Tension Continues: After 21 Days, Kashmir Still Strained

Tension Continues: After 21 Days, Kashmir Still Strained

17 July 2010
The Economic Times
Masood Hussain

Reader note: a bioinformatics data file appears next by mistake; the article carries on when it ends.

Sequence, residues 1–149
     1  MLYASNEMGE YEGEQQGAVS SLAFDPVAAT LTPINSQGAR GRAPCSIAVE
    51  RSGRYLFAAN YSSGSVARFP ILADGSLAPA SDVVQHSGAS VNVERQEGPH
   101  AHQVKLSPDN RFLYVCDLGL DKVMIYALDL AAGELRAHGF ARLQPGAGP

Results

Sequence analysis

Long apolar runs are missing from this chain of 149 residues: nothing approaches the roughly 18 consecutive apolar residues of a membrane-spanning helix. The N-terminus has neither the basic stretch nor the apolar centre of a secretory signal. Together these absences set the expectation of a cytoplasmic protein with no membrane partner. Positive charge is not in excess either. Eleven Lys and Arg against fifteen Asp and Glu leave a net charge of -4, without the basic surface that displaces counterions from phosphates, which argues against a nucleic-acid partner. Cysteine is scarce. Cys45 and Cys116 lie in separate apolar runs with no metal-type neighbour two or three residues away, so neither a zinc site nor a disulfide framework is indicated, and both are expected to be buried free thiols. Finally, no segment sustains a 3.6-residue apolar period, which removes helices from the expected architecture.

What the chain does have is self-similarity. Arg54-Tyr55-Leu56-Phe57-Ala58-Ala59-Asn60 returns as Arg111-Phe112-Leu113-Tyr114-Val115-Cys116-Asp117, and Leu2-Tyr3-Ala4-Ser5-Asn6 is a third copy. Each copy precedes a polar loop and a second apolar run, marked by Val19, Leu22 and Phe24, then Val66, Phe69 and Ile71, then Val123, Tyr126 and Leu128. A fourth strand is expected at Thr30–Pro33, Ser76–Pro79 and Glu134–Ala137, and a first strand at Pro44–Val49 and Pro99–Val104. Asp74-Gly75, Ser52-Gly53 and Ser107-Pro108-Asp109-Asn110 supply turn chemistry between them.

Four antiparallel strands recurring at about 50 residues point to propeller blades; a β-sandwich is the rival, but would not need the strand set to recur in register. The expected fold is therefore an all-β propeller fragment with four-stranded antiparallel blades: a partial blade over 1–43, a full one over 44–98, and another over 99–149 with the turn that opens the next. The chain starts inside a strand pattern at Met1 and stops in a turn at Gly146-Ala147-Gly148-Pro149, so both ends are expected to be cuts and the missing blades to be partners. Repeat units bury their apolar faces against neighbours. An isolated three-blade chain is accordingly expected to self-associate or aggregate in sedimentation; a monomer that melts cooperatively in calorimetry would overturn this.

Srinagar: When the separatists on Friday relaxed the apparently indefinite strike for half of the Saturday, everybody expected the weekend will be a routine. Businesses, schools, offices opened and markets were crowded from early morning. There were long traffic jams as well. But, the markets got deserted exactly at 2 pm strictly as per the schedule of the strike sponsors. “I thought the pressures within had evolved so much that the strike will fizzle out today and people will resume the routine,” a senior NC leader said. “But it proved a different story.” He wondered if this cycle can be broken in coming days. While a few schools have resorted to the use of internet and cell phone to help its students manage their studies, all others listed ‘home work’ in diaries of their students. Some schools passed on cell phone numbers of tutors to students and advised them to seek help. Businesses have totally squeezed and the impact is even visible in Jammu and Punjab which have the Kashmir valley as their main markets. Luxury tourism is over and the only happening thing is the annual yatra to the Hindu cave shrine of Amarnath. Already over 200 thousand pilgrim have had their darshan. Lawyers seeking release of their president Mian Abdul Qayoom set afire their robes in protest. For around a month now, Kashmir is either on strike or under curfew. Killings of 15 innocent youth by various security agencies in separate incidents triggered the unrest. Authorities have announced investigations into these incidents but the responsibility is yet to be fixed in any of the cases. This has led separatists to launch a strike and protest programme that has completed third week now. Most of the top separatist leaders are under detention and the agitation is being led by second-rung rag-tag from underground. The unrest alleged to be the outcome of the administrative incapacity of the incumbent coalition has even threatened unseating of chief minister Omar Abdullah. Lack of alternatives, however, has led central government to throw its weight behind him. The central and the state governments believe the unrest is the outcome of mechanizations of a cocktail of vested interests and anti-national elements. Chief minister Omar Abdullah, who after his 22-days stay in Srinagar – a record after he took over in 2009, had an overnight stay in Delhi. He briefed Prime Minister Manmohan Singh, home minister P Chidambaram and Congress president Sonia Gandhi about the situation. Reports said he has returned with assurance of all support that he would require in normalising the situation. He is understood to have discussed a number of plans that he thinks are vital for getting the situation back to track. Besides, source suggest, he has sought permission to set free some of the key separatist leaders and permitting some political space to them so that they free their pent up anger.


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